July 25, 2022
How can organizations capture valuable history and expertise before it walks out the door? Since 1979, Mile High Flood District (MHFD) has provided local governments with a variety of tools and resources to give officials advance warning of potential flood conditions in our region. This work supports a critical part of our mission to protect people and property. So, when the Flood Warning Manager of 40+ years started to talk about retiring, we wanted to really explore how local governments use and rely on the services MHFD provides in this area. We also wanted to ensure that these services are cared for going forward in a structure in which we implement best practices for succession planning, which were identified in Part 1 of this blog:
- Talent Pool Development
- Systemic Insight
- Leadership Development (Including Mentoring)
- Career Progression Clarity
- Performance Management Systems
These best practices encompass the District’s big-picture ideals but there are also some very technical components to MHFD’s Flood Warning Program that a good succession plan will need to capture.
The need is to clarify the key work involved, understand the knowledge and skills needed to perform it, and know how those with the skills and knowledge perform the work.
We reached out to our staff and local government partners to fully understand the key aspects of these services through a series of semi-structured interviews. The following includes details extracted from these interviews. The full research project, completed as a CU Denver capstone study by MHFD’s Research and Development Director, Holly Piza, is available here.
To capture the specific information needed to incorporate technical details into the best practices, interview questions focused on the three themes detailed below.
1. Setting a Statement of Mission
Focusing on setting a statement of mission helped identify specific and technical components to inform succession planning for MHFD’s Flood Warning Services. Questions were structured to address three phases: planning for floods, MHFD’s role during an active flood, and post-flood activities. Questions also included which flood warning services were most critical to local governments, how local governments use data, and potential areas for growth within flood warning services – What are we not doing now that we should be?
These questions helped outline a mission statement specific to our role in flood warning. Understanding the mission helps ensure that succession planning efforts are focused on actions that support that mission. Additional steps related to this theme include identifying and writing guidelines to perform specific tasks, documenting processes, identifying target groups for action, and setting priorities.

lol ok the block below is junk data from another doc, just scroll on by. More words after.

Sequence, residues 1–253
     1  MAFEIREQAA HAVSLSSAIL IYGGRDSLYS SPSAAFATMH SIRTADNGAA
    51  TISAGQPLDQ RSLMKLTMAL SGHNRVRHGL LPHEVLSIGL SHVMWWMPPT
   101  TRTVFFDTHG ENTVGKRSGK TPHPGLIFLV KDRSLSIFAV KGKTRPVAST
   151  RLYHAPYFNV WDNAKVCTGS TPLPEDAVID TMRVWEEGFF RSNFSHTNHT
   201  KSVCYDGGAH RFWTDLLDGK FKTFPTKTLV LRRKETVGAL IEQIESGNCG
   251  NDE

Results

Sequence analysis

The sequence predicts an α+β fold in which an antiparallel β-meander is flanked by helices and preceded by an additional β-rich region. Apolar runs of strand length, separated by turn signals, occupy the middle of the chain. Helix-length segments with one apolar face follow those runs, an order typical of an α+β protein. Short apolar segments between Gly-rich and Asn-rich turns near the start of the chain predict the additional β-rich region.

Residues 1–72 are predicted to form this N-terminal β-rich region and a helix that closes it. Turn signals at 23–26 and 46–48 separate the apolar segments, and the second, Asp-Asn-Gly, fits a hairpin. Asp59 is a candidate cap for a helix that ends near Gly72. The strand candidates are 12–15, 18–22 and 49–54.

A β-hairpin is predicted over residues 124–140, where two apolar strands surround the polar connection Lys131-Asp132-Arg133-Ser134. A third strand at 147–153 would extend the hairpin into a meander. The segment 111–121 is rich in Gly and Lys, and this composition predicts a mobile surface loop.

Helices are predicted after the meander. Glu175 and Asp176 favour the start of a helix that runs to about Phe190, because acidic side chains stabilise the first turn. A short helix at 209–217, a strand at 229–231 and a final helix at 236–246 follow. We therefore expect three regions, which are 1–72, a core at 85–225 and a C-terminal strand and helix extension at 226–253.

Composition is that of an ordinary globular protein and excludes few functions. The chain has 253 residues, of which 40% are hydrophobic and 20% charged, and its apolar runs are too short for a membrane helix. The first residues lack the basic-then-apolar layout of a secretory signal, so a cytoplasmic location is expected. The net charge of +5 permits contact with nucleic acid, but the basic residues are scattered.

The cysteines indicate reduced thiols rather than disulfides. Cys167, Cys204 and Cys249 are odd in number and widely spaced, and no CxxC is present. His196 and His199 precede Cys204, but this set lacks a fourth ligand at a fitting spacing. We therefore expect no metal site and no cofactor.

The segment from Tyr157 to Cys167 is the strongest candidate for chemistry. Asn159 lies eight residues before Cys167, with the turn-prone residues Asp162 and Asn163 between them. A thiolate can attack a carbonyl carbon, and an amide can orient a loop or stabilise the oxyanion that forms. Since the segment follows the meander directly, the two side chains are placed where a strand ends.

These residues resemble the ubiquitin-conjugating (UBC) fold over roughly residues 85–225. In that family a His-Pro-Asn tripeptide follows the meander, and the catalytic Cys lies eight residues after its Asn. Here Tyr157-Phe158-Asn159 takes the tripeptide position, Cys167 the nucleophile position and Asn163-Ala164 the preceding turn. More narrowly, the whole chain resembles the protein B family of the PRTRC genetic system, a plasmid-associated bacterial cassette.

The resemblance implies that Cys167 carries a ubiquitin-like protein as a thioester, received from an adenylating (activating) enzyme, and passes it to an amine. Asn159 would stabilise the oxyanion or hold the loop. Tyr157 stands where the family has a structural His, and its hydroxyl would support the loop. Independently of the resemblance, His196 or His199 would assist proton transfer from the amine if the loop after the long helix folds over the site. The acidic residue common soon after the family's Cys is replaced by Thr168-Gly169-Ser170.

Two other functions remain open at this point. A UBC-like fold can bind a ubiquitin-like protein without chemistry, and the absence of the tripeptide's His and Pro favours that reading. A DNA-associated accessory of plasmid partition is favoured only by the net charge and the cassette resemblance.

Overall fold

Outline a mission statement specific to the service/program
Identify and write guidelines to perform tasks, document processes, identify target groups for action, and set priorities
2. Increasing Knowledge-Sharing and Collaboration
Expanding knowledge-sharing and collaboration increases the number of staff familiar with an area of work and helps develop a talent pool. Interview questions for this theme spoke to how the work of the Flood Warning Manager impacts watershed teams and vice versa. These questions helped identify areas where minor workflow modifications can increase collaboration among staff. After identifying which tasks impact which different groups of staff, organizations can consider what role various staff might have in its execution and then assess what communication is needed before, during, and after.
3. Identifying Skills and Expertise Needed to Perform Tasks
Identifying and supporting the skills and expertise needed to perform key tasks is a crucial step to technical succession planning. All interviewees were asked to describe the most important skills and expertise required to manage the Flood Warning Services at MHFD. Based on responses by both staff and local governments, the most frequently mentioned attributes were a combination of both soft and technical skills. These key skills and expertise should be included on relevant job descriptions, identified in the performance management system, and should increase in importance as a person advances from one position to the next within the organization.
Understanding needed skills and expertise can also inform potential “stretch projects” and training opportunities that contribute to an individual’s leadership development.
A Plan for the Future
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Interviewing both staff and local governments helped us understand the mission of MHFD’s Flood Warning Services, identify areas where we can increase knowledge sharing and collaboration among staff, and identify key skills and expertise needed for the Flood Warning Manager. At MHFD, we were very lucky to find an external candidate who fit the description and brought invaluable expertise. Ideally, succession planning starts well before someone in a key leadership position announces their retirement. However, taking the steps needed to implement good succession planning practices is always a valuable investment regardless of the timeline.